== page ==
Dental filling, Inlay, Onlay, and overlay are types of dental treatment used to restore cavities without using the new total prosthesis. These treatments help to preserve more natural teeth as they fit in the remaining part of the tooth like a piece of the jigsaw puzzle. 

 While Inlay, Onlay, and Overlay, these small dentures are manufactured like a complete denture (using cad/cam, milling, and staining), the dental filling is treated by filling directly dental material (amalgam, composite resin) into the cavities. These dental treatments are used mainly for posterior teeth to improve chewing and prevent further decay

 1. Dental filling

 A dental filling is a procedure used to fill a hole in a tooth to prevent further tooth decay. A filling is usually a simple and early treatment for tooth decay. However, it may be broken and allow leftovers trapped between the tooth and the filling. Thus, a regular dental check-up is necessary. The materials that are usually used for this treatment recently are amalgam and composite resin.

• Amalgam: a mixture of metals, including silver, copper, tin, mercury, and zinc. Although exposure to mercury can be toxic, amalgam is safe and effective to use for most people  

• Composite resin: Composite resin is a white tooth-colored material, so it matches the color of the other teeth and looks more natural than amalgam.

Dental Filling

  2. Inlay

 When the tooth decay area is too bigger for a general dental filling, an inlay will be considered an alternative method. Inlays usually cover the central part of the tooth or the area between the cusps and are positioned within the hard tissues of the tooth. They do not cover the cusps. For this reason, they are shaped to fit perfectly on your teeth, so can prevent leftovers from entering underneath tooth decay areas, creating further decay.  The material used for inlays usually is porcelain likes other dental crowns, so it will be stronger and more durable compares with other composite fillings.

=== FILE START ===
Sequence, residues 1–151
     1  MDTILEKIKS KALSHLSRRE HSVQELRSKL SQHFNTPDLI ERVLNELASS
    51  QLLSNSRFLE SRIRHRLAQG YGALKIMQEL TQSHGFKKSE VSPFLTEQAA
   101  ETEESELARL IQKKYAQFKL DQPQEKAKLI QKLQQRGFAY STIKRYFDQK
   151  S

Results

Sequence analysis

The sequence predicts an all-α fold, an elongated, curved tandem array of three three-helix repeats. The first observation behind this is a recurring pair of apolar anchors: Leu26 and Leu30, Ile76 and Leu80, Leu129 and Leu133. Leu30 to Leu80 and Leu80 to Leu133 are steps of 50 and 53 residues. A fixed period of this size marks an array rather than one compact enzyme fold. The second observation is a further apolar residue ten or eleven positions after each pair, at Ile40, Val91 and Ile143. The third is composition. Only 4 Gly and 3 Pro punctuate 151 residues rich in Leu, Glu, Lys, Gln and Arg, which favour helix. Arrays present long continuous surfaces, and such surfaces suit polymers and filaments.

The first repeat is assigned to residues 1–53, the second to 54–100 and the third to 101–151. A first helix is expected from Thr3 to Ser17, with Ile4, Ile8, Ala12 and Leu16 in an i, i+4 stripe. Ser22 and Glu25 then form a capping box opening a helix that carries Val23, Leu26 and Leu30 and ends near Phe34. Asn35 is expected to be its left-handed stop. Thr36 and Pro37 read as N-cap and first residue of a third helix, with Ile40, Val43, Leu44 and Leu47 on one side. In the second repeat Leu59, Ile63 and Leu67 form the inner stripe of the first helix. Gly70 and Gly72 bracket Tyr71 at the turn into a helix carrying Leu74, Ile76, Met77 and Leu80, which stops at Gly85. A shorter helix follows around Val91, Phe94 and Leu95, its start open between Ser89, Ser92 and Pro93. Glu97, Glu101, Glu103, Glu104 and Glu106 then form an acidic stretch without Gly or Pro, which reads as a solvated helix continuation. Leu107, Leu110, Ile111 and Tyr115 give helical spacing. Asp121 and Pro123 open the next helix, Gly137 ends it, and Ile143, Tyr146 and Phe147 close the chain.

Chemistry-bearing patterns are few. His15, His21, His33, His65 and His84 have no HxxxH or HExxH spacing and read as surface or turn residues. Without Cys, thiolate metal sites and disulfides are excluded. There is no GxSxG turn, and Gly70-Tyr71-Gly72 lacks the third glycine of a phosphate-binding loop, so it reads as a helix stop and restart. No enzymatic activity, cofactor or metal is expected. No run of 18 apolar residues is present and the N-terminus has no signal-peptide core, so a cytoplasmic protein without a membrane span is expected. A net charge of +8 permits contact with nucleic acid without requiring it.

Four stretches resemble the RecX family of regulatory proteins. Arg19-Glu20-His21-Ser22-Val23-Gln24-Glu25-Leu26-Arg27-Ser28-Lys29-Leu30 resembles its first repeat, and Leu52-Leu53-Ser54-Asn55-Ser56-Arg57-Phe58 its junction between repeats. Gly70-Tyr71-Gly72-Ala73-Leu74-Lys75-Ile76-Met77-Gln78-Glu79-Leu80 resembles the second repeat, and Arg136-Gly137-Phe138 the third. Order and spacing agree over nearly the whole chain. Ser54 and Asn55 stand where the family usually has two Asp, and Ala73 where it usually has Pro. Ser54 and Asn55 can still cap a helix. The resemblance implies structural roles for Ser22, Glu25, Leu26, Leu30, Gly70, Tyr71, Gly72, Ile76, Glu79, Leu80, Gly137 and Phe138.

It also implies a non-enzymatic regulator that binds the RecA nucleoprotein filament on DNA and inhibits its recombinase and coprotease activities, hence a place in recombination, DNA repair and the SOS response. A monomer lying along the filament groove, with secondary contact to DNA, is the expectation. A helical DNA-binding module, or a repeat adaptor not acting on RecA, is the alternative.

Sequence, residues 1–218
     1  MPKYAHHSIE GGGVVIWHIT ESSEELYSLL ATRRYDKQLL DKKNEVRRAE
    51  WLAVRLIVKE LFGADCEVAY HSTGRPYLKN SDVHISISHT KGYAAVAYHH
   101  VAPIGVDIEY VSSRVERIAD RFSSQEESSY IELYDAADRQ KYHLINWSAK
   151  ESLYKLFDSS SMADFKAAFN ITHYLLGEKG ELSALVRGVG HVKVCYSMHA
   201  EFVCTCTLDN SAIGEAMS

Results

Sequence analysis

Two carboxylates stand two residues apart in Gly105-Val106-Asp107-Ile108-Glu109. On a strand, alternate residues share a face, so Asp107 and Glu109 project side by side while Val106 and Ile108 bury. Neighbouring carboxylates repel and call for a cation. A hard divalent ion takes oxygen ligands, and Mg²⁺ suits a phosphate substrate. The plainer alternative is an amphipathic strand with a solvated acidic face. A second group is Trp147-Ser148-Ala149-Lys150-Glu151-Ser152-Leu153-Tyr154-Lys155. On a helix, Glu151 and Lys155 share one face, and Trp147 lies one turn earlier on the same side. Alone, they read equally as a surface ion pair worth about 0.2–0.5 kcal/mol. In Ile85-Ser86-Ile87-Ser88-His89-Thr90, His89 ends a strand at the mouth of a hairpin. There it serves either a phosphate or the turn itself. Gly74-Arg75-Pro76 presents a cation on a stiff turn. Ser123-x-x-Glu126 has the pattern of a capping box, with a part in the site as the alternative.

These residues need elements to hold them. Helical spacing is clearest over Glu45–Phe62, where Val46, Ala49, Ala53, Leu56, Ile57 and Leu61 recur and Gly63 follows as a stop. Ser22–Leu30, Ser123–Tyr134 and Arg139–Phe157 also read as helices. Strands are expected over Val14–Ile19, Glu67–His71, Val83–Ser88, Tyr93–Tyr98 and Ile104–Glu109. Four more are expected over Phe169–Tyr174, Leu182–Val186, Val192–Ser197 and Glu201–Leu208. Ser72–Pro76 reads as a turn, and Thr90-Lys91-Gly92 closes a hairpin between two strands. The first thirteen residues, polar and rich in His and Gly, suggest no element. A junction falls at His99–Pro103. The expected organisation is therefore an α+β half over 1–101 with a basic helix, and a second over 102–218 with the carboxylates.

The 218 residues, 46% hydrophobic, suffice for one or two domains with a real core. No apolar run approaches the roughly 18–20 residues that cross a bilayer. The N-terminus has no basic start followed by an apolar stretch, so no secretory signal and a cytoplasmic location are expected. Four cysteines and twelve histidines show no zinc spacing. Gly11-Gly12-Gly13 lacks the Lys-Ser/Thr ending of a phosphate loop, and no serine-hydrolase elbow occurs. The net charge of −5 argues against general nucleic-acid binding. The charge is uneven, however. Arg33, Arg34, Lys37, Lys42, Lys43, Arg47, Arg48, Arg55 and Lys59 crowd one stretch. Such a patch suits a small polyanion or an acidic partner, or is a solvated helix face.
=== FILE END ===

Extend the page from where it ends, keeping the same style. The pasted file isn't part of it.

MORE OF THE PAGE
3. Onlay

 When a patient gets a decay of the middle and side of your tooth, an Onlay can be considered a treating method as it may cover one or more cusps of your tooth. Compared with inlay, Onlay covers more areas, they are positioned inside the deep tissues of the tooth as well as cover part of the biting surface of the tooth. This helps to protect the damaged tooth from a direct chewing load.


 4. Overlay

Overlays cover a much larger portion of the occlusal or biting surface. Though they are often compared to partial crowns, overlays are very different from crowns. The main difference is overlays keep more of the natural tooth structure intact.


  5. What is the difference between Inlays, Onlays, and Overlays?

 The main difference among inlays, Onlays, and overlays is in the size of the area of the tooth being treated. Inlays cover the central part of the tooth, they do not cover the cusps while Onlays cover a larger area. Besides replacing the internal part of the damaged tooth, they also cover one of the cusps. So, they are positioned inside the deep tissues of the tooth as well as cover part of the biting surface of the tooth. This helps to protect the damaged tooth from direct chewing.

In cases where there is a large area between the cusps that are being covered by inlays, there are chances that it may force the cusps apart under chewing pressure. This increases the risk of tooth fracture in the future. Onlays or overlays which spread chewing pressure uniformly and also cover one or more cusps reduce the possibility of fractures.

6. Procedure

The manufacturing process of Inlay, Onlay, and Overlay teeth is similar to the manufacturing process of a complete denture, these teeth are also designed on cad/cam to ensure a snug fit, using ceramic materials such as Zirconia, Emax upon request and stained to resemble natural teeth. At Xdent dental outsourcing, we commit to creating durable inlays, Onlays, and overlays that give our customers confidence.


Onlay at Xdent


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